When does deliberation begin?

Robert E. Goodin, Simon J. Niemeyer

Research output: A Conference proceeding or a Chapter in BookChapter

Abstract

Political deliberation involves both internal reflection and public discussion. The former might be far more important than implied by deliberative democrats' heavy emphasis the discursive component. Analysis of the deliberations of a citizen's jury on an Australian environmental issue shows jurors' attitudes changing more in response to the 'informational' phase of the jury proceedings involving a large degree of 'deliberation within' than during the formal 'discussion' phase. Various ways can be imagined for evoking internal reflection of that sort, even in mass political settings.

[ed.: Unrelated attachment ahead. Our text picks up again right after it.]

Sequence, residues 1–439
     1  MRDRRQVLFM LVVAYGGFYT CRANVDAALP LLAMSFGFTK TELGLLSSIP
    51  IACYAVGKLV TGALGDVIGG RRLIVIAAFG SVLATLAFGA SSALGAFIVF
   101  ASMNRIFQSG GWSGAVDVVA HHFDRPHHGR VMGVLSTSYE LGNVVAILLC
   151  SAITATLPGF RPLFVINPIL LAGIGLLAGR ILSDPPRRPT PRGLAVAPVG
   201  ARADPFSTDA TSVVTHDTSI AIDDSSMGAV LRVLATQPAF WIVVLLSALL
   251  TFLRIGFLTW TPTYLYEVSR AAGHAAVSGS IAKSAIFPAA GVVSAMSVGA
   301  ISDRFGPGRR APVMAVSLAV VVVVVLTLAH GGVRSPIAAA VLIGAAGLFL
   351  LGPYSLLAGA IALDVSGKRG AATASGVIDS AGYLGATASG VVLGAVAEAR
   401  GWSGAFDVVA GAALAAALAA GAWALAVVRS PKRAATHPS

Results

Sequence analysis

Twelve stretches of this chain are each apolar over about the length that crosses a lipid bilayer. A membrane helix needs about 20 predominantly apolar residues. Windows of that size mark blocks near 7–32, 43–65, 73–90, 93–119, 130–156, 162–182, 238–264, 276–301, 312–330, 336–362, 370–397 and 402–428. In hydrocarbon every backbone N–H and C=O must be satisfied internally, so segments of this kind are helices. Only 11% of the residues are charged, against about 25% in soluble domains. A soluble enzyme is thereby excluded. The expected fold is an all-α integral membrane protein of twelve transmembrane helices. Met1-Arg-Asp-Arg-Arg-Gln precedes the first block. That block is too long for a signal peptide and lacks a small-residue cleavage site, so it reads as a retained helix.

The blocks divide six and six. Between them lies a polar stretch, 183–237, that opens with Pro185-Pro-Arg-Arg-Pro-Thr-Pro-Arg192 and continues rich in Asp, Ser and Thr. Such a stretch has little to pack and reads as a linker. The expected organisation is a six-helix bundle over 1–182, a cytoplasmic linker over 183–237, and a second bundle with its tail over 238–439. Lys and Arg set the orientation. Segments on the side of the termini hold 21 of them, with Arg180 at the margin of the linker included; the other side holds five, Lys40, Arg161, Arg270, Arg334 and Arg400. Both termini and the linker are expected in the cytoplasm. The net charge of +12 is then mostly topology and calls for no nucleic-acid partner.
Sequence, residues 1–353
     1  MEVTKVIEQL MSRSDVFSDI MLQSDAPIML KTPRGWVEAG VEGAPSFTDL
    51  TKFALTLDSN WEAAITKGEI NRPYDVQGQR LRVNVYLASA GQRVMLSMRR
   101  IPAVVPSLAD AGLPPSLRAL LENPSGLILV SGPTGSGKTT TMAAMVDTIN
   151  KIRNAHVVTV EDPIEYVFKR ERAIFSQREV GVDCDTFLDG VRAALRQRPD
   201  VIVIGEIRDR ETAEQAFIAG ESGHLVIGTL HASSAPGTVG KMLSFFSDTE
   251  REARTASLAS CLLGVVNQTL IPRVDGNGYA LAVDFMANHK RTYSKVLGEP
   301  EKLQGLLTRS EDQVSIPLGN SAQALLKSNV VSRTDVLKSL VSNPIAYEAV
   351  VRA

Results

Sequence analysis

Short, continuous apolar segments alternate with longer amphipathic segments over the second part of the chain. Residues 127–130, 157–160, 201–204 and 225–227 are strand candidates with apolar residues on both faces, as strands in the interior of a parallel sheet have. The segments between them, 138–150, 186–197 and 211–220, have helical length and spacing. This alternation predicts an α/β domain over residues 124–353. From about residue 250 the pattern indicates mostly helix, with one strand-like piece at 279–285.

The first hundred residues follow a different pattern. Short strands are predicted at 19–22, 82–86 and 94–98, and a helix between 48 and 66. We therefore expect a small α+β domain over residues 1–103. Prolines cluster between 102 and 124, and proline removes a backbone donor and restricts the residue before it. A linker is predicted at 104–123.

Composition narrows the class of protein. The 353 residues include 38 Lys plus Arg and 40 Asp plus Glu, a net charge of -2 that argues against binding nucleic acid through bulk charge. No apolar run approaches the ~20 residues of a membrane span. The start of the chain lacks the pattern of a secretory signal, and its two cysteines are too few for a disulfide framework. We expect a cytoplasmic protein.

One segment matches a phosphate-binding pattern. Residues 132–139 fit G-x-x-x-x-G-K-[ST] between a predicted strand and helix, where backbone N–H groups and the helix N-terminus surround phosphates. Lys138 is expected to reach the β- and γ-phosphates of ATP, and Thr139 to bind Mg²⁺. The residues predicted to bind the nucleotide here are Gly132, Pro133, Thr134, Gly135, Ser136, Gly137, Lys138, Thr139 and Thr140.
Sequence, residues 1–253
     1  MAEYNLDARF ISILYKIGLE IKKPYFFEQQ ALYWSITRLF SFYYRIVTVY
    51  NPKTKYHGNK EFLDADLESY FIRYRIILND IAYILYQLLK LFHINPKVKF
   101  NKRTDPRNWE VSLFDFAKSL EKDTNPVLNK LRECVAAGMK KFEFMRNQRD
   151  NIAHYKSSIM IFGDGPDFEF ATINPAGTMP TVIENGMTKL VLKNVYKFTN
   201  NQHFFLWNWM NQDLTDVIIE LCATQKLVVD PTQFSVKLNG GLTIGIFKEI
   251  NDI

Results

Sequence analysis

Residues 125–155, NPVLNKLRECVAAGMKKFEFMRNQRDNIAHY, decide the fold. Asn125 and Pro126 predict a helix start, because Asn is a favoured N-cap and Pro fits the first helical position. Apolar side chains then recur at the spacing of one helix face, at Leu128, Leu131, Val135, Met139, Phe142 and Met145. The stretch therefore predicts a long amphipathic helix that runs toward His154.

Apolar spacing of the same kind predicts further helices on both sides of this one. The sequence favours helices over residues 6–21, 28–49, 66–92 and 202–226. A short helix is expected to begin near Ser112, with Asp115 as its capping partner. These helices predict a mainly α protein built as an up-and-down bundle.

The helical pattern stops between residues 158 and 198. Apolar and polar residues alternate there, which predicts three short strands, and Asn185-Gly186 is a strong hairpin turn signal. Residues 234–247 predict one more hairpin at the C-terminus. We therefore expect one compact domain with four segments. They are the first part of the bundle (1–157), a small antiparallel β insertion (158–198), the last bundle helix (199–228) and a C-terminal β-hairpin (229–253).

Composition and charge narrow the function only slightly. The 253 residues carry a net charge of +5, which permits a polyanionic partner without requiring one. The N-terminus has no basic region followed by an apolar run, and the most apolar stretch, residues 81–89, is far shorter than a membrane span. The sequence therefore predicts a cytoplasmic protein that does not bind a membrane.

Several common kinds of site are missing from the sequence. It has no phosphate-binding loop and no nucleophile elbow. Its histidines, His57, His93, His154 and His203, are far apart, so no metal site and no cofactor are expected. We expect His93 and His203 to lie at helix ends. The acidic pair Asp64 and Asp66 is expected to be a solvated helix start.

Original languageEnglish
Title of host publicationInnovating Democracy
Subtitle of host publicationDemocratic Theory and Practice After the Deliberative Turn
PublisherOxford University Press
Chapter3
Pages38-63
Number of pages25
ISBN (Electronic)9780191720116
ISBN (Print)9780199547944
DOIs
Publication statusPublished - 1 Sep 2008
Externally publishedYes

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    Goodin, R. E., & Niemeyer, S. J. (2008). When does deliberation begin? In Innovating Democracy: Democratic Theory and Practice After the Deliberative Turn (pp. 38-63). Oxford University Press. https://doi.org/10.1093/acprof:oso/9780199547944.003.0003